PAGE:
East Valley still abuzz over rare funnel cloud

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A funnel cloud was spotted in Scottsdale on Sunday. (Source: 3TV/CBS 5) A funnel cloud was spotted in Scottsdale on Sunday. (Source: 3TV/CBS 5)
Chris Birkett recorded it on his phone. (Source: Chris Birkett) Chris Birkett recorded it on his phone. (Source: Chris Birkett)
Birkett talked to his mom about the funnel cloud. (Source: 3TV/CBS 5) Birkett talked to his mom about the funnel cloud. (Source: 3TV/CBS 5)
SCOTTSDALE, AZ (3TV/CBS 5) -

Many around the East Valley are still talking about the rare funnel cloud in the sky Sunday afternoon.

"I was a little freaked out, but very excited," said Chris Birkett of Scottsdale.

Birkett, a wedding DJ, was meeting a client at his home when he walked outside and caught what was developing right before his eyes.

"All of a sudden there was this greenish glow, and we looked up and there it was. To me, it looked like a twister, and it was all rotating," said Birkett.

[READ MORE: Funnel cloud forms in Scottsdale]

He pulled out his cellphone, began recording, and at the same time, made a phone call.

"I was like, my mom is going to freak out because she loves weather," said Birkett.

While on the phone with his mom, who was visiting Kingman at the time, he described what he was seeing.

"It's kind of like a dust devil without being a dust devil. It's the weirdest thing. I don't think they gave a tornado warning. It looks like it's getting smaller," he said.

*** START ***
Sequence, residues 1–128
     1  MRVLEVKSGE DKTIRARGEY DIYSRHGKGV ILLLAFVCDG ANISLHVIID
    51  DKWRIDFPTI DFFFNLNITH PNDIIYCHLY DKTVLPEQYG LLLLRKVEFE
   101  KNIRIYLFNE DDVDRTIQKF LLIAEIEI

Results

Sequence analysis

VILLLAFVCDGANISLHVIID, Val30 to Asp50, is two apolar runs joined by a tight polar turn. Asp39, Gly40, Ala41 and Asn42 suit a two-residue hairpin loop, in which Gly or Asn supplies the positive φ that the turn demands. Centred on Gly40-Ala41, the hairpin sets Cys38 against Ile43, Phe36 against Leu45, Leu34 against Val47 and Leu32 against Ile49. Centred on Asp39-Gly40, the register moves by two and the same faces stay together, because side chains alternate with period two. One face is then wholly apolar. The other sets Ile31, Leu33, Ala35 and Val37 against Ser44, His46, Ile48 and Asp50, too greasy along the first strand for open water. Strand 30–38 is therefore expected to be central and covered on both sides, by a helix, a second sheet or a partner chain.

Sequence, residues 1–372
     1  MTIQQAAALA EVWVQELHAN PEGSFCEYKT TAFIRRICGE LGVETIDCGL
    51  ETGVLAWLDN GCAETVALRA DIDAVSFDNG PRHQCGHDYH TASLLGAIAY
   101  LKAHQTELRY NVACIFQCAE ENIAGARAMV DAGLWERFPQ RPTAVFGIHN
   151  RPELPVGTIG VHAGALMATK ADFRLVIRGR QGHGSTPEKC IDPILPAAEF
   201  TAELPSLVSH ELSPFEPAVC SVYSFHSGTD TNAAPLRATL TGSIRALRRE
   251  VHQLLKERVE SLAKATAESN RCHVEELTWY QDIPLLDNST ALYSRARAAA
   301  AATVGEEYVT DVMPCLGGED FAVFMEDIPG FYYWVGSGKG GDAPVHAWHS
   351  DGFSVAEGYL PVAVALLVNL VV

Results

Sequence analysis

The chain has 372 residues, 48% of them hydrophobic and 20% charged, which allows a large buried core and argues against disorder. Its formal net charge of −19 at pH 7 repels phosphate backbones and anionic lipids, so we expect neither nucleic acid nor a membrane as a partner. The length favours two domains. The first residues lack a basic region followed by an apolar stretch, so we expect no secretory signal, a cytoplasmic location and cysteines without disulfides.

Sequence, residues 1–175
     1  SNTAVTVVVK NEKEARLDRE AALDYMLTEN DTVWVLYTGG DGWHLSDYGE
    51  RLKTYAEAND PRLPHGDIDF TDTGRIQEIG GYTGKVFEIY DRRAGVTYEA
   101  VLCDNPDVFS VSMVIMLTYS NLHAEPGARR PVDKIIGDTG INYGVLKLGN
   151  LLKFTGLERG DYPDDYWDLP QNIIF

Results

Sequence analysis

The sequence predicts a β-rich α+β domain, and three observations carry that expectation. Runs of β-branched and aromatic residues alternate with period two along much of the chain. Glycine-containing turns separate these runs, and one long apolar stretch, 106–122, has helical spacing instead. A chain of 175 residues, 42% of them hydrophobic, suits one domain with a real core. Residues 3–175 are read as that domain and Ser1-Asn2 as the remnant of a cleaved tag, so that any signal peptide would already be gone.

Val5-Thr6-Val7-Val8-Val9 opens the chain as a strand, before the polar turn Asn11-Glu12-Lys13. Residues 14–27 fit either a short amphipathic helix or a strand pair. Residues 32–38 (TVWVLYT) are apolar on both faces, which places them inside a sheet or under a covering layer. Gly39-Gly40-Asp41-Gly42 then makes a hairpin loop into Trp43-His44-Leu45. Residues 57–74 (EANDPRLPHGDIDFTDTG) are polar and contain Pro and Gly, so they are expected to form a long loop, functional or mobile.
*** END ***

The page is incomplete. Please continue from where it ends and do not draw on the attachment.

"If they didn't give any tornado warnings then it must be a cold funnel that you get in cold storms, but it can look like a tornado," Birkett's mom replied.

While the formation looked dangerous, Birkett soon found out from his mom, a weather enthusiast, that looks can be deceiving.

The National Weather Service later confirmed the cold air funnel posed no threat.

"When you get something like this, your brain doesn't really process it because we don't have that all the time," said Birkett.

A cold air funnel forms high above the earth's surface, from a small shower or thunderstorm when the air aloft is very cold. This is usually behind a cold front associated with a large, slow moving low-pressure system. These funnels are very weak and often difficult to detect on radar.

The National Weather Service does not issue tornado warnings for cold air funnels because it is so rare for them to make it to the ground and develop into a tornado.

Copyright 2017 KPHO/KTVK (KPHO Broadcasting Corporation). All rights reserved.


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